For Penn State coaches, scouring social media is a recruiting requirement | TribLIVE.com
Penn State

For Penn State coaches, scouring social media is a recruiting requirement

1374203_web1_gtr-franklin-080218
AP
Penn State coach James Franklin takes the field with his team prior to the Fiesta Bowl against Washington on Saturday, Dec. 30, 2017, in Glendale, Ariz.

Ja’Juan Seider, Penn State’s running backs coach, scrolls through two phones daily as recruiting tools, often to his wife’s exasperation. He does so for this reason.

“The one day you don’t scroll,” Seider said, “is the one day you’re too late.”

College football’s recruiting cycle has entered what’s known as the “dead period,” a month-long break during which coaches and players cannot meet in person. But they can talk, text and, just as crucially, check each other’s social media. At Penn State, that has become an evaluation component alongside grades, film and 40-yard-dash times.

Social media has “taken recruiting to another level,” Seider said recently, through its immediacy and constancy. Coaches and programs nationally have made social media one of their go-to spaces in which to meet and pitch recruits. Coaches also spend time and resources vetting recruits via social media, noting what they post, when they post and what they share.

For Penn State coach James Franklin, those elements help complete a recruiting portrait that ultimately can mean a scholarship offer or not.

“If a kid posts something you think is inappropriate and you address it with him, and you see him modify his behavior, OK, great,” Franklin has said. “If you see a kid post something and you address it with him and he keeps posting ignorant stuff, then, yeah, you start to have some real concerns.”

Seider, who has coached and recruited in college football for a decade, called social media one of the most influential forces in recruiting. Some players chart every stage of their recruiting process, committing (and decommitting) through their accounts.

For Seider, that level of approval-seeking has become a guardrail to the process.

“Some kids get influenced by, I need likes and retweets by guys who haven’t paid one dollar to go watch them play, and they call themselves fans,” Seider said. “It makes you wonder about some kids you’re recruiting. I question: Do they really love football or do they love what football does for them?”

Seider pays close attention to social-media feeds to build snapshots of player personalities and character. While those pictures aren’t complete by any means, they do help frame recruiting profiles.

Seider said that athletes, and football players in particular, can be judged too harshly for their social media. Athletes play with emotion but then are expected to suppress that off the field.

Still, the coach said, football players have to realize how their online presence can affect their futures.

“When you signed up to play football, you signed up to do things differently,” Seider said. “You signed up to do things the right way. You signed up to sacrifice. Everybody would like to tell that one person on the internet to go kiss something, but you can’t.”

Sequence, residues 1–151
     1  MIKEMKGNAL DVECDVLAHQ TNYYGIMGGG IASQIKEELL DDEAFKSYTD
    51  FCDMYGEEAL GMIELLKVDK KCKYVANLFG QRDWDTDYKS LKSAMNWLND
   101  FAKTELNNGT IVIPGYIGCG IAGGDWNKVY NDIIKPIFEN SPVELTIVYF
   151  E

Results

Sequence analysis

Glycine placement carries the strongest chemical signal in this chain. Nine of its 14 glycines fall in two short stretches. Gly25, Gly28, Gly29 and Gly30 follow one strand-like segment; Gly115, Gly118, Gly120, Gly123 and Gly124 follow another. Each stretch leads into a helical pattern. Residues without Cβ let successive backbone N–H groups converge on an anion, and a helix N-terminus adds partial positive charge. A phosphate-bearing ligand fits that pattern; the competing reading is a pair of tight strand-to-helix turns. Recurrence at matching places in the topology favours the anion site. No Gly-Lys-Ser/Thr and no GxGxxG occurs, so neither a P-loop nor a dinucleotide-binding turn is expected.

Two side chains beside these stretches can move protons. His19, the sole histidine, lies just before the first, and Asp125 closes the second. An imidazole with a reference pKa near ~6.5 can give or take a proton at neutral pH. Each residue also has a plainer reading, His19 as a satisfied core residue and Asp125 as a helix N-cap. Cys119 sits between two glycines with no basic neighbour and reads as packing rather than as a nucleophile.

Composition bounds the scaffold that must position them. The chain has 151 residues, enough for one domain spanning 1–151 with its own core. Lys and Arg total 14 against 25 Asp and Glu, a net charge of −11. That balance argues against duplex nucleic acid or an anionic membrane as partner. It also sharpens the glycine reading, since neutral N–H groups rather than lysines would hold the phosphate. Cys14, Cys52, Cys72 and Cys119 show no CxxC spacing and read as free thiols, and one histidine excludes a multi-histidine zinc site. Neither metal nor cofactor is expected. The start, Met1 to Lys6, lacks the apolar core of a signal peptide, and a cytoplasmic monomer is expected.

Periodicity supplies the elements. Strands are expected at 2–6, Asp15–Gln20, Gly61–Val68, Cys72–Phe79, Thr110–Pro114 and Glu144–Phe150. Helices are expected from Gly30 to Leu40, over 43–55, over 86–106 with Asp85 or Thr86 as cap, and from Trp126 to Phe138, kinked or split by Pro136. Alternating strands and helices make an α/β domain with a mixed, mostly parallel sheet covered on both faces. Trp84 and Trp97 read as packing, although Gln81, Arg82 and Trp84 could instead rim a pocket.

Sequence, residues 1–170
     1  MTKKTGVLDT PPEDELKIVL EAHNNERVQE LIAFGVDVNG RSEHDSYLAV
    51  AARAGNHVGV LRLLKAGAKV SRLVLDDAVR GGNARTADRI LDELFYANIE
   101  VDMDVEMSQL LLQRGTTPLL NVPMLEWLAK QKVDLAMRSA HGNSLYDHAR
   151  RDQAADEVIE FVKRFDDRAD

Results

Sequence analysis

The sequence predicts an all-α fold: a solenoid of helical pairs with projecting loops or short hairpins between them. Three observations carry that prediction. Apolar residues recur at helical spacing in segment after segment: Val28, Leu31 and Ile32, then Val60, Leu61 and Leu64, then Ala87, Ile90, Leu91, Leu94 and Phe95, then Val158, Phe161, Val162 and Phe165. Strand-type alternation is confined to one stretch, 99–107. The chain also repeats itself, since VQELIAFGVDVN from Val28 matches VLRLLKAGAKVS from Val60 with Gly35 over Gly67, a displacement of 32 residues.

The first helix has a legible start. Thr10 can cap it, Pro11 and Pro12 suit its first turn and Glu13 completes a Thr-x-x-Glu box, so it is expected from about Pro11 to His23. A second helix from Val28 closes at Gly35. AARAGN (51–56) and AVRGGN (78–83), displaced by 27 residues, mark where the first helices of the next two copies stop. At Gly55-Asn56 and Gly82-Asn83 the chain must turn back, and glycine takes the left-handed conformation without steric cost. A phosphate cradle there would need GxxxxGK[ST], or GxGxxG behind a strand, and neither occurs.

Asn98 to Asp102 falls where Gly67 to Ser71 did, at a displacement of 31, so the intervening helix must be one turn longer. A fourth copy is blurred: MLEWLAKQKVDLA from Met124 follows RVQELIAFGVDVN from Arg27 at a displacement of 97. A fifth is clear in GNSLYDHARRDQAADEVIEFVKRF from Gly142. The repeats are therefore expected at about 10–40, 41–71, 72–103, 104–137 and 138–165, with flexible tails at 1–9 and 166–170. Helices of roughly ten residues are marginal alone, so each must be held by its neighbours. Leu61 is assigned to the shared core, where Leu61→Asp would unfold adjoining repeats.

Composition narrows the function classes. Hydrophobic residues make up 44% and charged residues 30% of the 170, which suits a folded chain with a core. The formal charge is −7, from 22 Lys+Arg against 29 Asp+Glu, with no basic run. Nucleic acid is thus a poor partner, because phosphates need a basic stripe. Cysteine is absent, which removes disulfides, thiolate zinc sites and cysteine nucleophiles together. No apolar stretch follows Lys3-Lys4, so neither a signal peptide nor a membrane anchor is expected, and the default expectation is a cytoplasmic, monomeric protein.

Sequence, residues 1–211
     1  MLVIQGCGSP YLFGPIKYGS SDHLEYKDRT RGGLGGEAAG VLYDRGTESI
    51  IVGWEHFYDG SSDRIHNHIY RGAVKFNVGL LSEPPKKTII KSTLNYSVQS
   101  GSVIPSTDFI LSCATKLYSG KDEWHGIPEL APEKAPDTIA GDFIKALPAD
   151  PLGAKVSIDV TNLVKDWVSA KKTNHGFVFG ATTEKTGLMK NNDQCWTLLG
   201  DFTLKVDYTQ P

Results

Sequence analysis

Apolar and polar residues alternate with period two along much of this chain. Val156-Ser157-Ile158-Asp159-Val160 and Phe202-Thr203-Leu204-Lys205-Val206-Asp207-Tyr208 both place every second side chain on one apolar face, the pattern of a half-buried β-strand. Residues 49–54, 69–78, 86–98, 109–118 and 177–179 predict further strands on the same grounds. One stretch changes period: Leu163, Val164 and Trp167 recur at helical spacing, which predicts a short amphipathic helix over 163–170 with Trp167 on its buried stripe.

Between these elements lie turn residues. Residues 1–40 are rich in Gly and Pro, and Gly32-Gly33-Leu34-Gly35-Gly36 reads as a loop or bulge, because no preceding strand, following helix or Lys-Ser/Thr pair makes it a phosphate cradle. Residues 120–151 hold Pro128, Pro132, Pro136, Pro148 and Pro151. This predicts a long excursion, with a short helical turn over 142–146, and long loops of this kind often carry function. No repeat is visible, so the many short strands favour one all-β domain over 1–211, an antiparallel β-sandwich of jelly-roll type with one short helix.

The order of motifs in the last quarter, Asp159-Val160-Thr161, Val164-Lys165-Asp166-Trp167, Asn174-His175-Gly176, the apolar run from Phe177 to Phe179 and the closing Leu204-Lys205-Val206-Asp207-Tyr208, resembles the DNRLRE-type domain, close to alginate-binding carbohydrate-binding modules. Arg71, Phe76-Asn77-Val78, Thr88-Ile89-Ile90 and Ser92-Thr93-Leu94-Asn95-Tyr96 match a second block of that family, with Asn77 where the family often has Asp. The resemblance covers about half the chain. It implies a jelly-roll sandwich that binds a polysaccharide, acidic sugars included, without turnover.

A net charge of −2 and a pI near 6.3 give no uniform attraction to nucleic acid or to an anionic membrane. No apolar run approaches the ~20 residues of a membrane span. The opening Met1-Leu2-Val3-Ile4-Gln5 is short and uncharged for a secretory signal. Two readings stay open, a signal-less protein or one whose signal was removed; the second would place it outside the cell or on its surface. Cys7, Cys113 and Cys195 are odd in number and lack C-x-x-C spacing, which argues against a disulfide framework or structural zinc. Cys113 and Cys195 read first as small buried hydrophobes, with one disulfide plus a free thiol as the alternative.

Franklin said that social media has made recruiting “much easier” because it offers a 24-hour window into players’ lives. The coach takes note of players who are active on social media at 2, 3 or 4 a.m., particularly on weeknights.

Conversely, Franklin enjoys messaging players at 6 a.m. and receiving a quick response. It means they’re up early and getting to work.

“All those things paint a picture of what you’re investing in,” Franklin said.

Morning Call reporter Mark Wogenrich can be reached at 610-820-6588 or at mwogenrichmcall.com.

Categories: Sports | Penn State
TribLIVE commenting policy

You are solely responsible for your comments and by using TribLive.com you agree to our Terms of Service.

We moderate comments. Our goal is to provide substantive commentary for a general readership. By screening submissions, we provide a space where readers can share intelligent and informed commentary that enhances the quality of our news and information.

While most comments will be posted if they are on-topic and not abusive, moderating decisions are subjective. We will make them as carefully and consistently as we can. Because of the volume of reader comments, we cannot review individual moderation decisions with readers.

We value thoughtful comments representing a range of views that make their point quickly and politely. We make an effort to protect discussions from repeated comments either by the same reader or different readers

We follow the same standards for taste as the daily newspaper. A few things we won't tolerate: personal attacks, obscenity, vulgarity, profanity (including expletives and letters followed by dashes), commercial promotion, impersonations, incoherence, proselytizing and SHOUTING. Don't include URLs to Web sites.

We do not edit comments. They are either approved or deleted. We reserve the right to edit a comment that is quoted or excerpted in an article. In this case, we may fix spelling and punctuation.

We welcome strong opinions and criticism of our work, but we don't want comments to become bogged down with discussions of our policies and we will moderate accordingly.

We appreciate it when readers and people quoted in articles or blog posts point out errors of fact or emphasis and will investigate all assertions. But these suggestions should be sent via e-mail. To avoid distracting other readers, we won't publish comments that suggest a correction. Instead, corrections will be made in a blog post or in an article.